- Access to services;
- Culture and Heritage;
- Environment; and
Public sector costs were estimated for the following broad areas based on discussions with Marine Scotland, SNH and JNCC:
- Preparation of Marine Management Schemes;
- Preparation of Statutory Instruments;
- Development of voluntary measures;
- Site monitoring;
- Compliance and enforcement;
- Promotion of public understanding; and
- Regulatory and advisory costs associated with licensing decisions.
It is possible that public bodies such as The Crown Estate ( TCE) could also experience impacts on its revenues from seabed leases should some development projects not proceed as a result of MPA designation or should some existing TCE moorings require relocation. However, it has not been possible to estimate such potential impacts within this assessment. In addition, Scottish Water may also incur some additional costs, although the assumption used for this assessment is that any management measures required to support the achievement of MPA objectives would already be required under the Water Framework Directive.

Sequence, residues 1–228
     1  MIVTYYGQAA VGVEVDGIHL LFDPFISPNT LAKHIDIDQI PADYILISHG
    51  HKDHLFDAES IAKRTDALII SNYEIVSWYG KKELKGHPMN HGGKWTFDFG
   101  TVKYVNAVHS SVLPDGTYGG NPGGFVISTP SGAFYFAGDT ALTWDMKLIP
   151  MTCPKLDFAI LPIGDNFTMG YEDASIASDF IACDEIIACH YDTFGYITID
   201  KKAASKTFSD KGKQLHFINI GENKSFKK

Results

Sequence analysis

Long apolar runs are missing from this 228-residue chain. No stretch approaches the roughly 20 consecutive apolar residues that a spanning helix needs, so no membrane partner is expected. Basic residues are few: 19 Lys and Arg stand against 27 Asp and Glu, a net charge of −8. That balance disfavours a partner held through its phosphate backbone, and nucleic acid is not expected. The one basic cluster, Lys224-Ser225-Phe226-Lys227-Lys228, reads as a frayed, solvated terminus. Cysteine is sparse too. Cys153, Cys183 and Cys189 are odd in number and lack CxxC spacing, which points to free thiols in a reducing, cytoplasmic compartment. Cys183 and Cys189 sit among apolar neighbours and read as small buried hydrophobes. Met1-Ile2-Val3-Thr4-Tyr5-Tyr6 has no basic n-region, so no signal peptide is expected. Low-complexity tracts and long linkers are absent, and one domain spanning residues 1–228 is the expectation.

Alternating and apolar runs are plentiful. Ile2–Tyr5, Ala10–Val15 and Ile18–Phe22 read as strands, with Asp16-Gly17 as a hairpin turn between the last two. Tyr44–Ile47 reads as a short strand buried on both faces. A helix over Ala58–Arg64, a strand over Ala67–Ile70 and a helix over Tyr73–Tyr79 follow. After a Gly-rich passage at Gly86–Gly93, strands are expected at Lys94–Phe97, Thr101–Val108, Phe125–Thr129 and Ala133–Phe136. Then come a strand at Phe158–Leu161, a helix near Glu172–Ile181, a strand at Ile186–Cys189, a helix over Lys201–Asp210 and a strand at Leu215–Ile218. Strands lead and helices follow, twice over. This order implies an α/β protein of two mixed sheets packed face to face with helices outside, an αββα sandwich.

The potential benefits of MPA designation to activities and wider society have been assessed using an ecosystem services framework. This has largely been undertaken as a qualitative assessment owing to a lack of applicable quantitative evidence.
The combined impact of designating the NC MPAs has been assessed taking account of potential options identified by SNH and JNCC. The combined assessment has largely adopted an additive approach ( i.e. it assumes that the combined impact is equivalent to the sum of the individual impacts within each site), although additional commentary has been provided where the combined impacts on specific sectors are potentially significant.
Detailed assessments for each proposed NC MPA are presented in Appendix E with an assessment of the combined impact presented in the main report (section 7).
Impacts to Activities